CURRENT - LITERATURE.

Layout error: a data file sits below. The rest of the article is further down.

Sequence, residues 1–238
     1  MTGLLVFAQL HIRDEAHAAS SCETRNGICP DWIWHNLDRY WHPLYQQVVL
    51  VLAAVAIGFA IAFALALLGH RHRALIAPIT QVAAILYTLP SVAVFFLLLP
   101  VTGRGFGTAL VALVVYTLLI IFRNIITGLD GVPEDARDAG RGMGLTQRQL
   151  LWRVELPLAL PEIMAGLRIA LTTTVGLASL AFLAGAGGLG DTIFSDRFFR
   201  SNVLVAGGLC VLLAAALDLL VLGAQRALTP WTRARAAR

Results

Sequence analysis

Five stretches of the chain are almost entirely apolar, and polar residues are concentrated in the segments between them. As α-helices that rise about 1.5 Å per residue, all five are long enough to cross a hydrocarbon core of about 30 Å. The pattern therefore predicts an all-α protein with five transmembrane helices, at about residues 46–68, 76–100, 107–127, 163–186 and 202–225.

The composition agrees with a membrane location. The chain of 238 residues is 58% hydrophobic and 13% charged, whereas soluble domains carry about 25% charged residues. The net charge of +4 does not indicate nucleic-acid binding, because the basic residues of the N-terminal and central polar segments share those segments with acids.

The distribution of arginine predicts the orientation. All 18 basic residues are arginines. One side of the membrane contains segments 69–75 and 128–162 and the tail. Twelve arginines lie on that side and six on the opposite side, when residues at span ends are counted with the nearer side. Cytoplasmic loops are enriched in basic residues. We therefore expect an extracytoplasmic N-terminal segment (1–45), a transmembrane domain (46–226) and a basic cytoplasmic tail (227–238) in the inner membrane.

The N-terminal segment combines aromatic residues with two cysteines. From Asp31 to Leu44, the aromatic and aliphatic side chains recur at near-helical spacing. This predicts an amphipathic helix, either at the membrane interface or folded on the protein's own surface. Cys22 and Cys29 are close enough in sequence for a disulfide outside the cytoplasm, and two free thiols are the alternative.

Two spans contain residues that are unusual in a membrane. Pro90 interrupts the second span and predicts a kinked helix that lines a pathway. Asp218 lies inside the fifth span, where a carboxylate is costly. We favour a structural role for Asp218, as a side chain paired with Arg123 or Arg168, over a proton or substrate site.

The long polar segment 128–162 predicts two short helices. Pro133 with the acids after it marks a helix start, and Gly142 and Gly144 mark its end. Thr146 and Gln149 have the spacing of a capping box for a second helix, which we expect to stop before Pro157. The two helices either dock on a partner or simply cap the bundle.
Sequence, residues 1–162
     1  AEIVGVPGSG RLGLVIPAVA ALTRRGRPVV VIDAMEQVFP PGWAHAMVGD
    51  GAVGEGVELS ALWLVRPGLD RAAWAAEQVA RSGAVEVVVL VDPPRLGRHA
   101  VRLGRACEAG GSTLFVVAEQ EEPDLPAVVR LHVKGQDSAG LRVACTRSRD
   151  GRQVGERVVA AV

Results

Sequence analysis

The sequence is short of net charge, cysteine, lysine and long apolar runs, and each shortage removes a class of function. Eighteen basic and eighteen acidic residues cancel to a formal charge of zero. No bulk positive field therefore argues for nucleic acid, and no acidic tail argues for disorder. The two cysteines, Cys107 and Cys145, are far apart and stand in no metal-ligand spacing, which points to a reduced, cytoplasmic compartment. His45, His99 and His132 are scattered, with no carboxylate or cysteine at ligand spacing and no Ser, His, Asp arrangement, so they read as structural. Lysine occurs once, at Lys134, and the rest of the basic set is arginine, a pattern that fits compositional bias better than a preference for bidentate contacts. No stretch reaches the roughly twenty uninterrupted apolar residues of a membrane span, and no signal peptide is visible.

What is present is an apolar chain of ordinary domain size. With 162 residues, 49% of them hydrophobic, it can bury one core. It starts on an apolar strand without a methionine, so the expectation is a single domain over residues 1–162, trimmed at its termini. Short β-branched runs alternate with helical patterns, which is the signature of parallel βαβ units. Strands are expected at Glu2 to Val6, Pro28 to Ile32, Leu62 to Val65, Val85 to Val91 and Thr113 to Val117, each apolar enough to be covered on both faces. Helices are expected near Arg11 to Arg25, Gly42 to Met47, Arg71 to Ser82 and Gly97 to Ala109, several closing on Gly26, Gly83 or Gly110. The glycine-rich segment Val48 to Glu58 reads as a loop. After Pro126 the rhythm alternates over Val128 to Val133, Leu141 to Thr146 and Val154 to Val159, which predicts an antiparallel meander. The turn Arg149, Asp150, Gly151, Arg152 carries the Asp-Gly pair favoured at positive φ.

-The Contemporary Review. Nos. 1 and 2, January and February. (Strahan.)-We welcome this new periodical. It is intended, it -seem; to be an organ of theological, literary, and social criticism, and appeals to the sympathies of those who, loyal to belief in -the -articles of the lOitristian faith, are yet not afraidef modern thought, and "scorn to defend "'their faith by mere reticence, =or by the artifices too commonly acquiesced in. -P,age say-we 7 we are delighted to have _arch a pleasant variety of the religious periodical, and bear our grateful testimony to theability and candour which .charaoterize the treatment of -the many Interesting -subjects discussed in the two opening numbers. The theo- logical element.preponderates at.present, almost to the exclusion of other -matters ;.thin gives the list of contents an appearance of heaviness, which will not be found really to exist by those who have the courage to plunge in medias res. Mr. Hansel (or somebody who knows 'what Mr. 'Hansel does "purposely ") is entitled to the place of honour ; in two able articles on the "'Philosophy of the "Unconditioned," he replies-to the strictures of Mr.'Mill on Sir 'William 'Hatnilton's philosophy. The -whole interest of this discussion turns upon the theological considera- 'lions -connected with it. Canwe, from our own moral andintellectual -eoaseionsnese judge a priori of -what God -ought to do in a -'given ease, -by determining what we should think it wise or right to do in a similar 4100 ? In other words, -is the human . mind competent to sit in moral iandspiritual _judgment on a/professed revelation? Mr. Monad and Sir W. _Hamilton say 40, Mr. Mill says .yes. We auppose most persons rein :range-themselves-,on either aide in the metaphysical arguments, according to their _religions prepossessions; in metaphysics, ordinary folks are generally carried away by the last treatise they read,, and when accusations of ignoratio elenchi are flying backwards and forwards between such men as Manse' and Mill on such subject- matter, who is to decide, or who' feels any disgrace in being in the wrong on either side ? After 'this serious reading, we should 'recommend 'the perusal-of -the interesting light articles on "Modern Greece," by Mx.. Banbury, -in which- Sir T. Wyse's tour in the "-Peloponnesus, lately edited 'by -his niece,-is pleasantly reviewed ; on '"Ritualism-and the Ecclesiastical Law," by Mr. Shaw, which brings, to book -the Directoriunz Anglican:on, with all•itn "'incensing" .particulars and -gives, a clear résumé of thelaw on Church,ornamenta very unfavourable to high ritualism; and on " Fklucationand the-School," where a laudatory account is given of Mr. Thring's excellent principles and, practice. at Uppin,gham, with one.criticism en his "separate-study".system to which we seriously invite his attention. It is curious to see how the desire to defend the faith combined with an openness to conviction acts in the case of Messrs. Plumptree and Perowne. The former, writing very fully and temperately upon the Sunday question, evidently. likes. the Sabha- taxi= folks best, but is constrained:to admit that reason and authority are against them, and avenges himself by twitting their opponents with a tendency to cant on the subject of the improving effect of museums and picture-galleries. The latter in an exhaustive criticism of Dr. Pusey's Lectures on Daniel, takes the doctor very properly to task for loss of temper he exhibits in hislater controversial works, as pro- perly eulogizes his great learning, demolishes.the effect-of it in the pre, sent. instance by admitting contrary to the doctor's views of the, .genuineness of the Book of Daniel, the two leading-arguments-that tell _against it (the later character of the "Chaldee and 'the departure from the general analogy of prophecy, the events-of the -reign of Antiochua Epiplranes being minutely and circumstantially described, and ,in chap. -xi. "the portrait -of that King drawn at length"), and- ends to our astonishment with a conclusion in bin favour. Of coarse there are argu- ments- given which tell on that side, but we .think that most people who read the. article will find the conclusion inconsistent with the- weight of evidence, and attributable to- the writer's sympathies rather than his judgment. We have only space to- add that amongst other interesting matter the two numbers contain a striking paper on some "Indian questions," missionary and educational, a thoughtful review of Robertson's Life and Letters, by Mr. Stevenson, a notice of "Convo- cation " in which there is some, sensible criticism of its past doing; and the suggestion that withcertain changes it might be useful as " a stand- ing committee of inquiry on Church matters,". and an-exceedingly good paper on " Church' Government -in the Colonies," by Rev. W." 'H. Fremantle, -which shows within a -small compass the present position 'of the various colonial churches, the changes that await them, and the true- and false,principles which are contending in-their development.